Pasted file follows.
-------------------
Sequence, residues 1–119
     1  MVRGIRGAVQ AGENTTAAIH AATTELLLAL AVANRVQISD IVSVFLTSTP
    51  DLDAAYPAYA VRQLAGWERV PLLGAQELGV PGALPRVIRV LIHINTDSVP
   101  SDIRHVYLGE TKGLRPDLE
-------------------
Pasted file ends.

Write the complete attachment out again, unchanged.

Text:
Sequence, residues 1–119
     1  MVRGIRGAVQ AGENTTAAIH AATTELLLAL AVANRVQISD IVSVFLTSTP
    51  DLDAAYPAYA VRQLAGWERV PLLGAQELGV PGALPRVIRV LIHINTDSVP
   101  SDIRHVYLGE TKGLRPDLE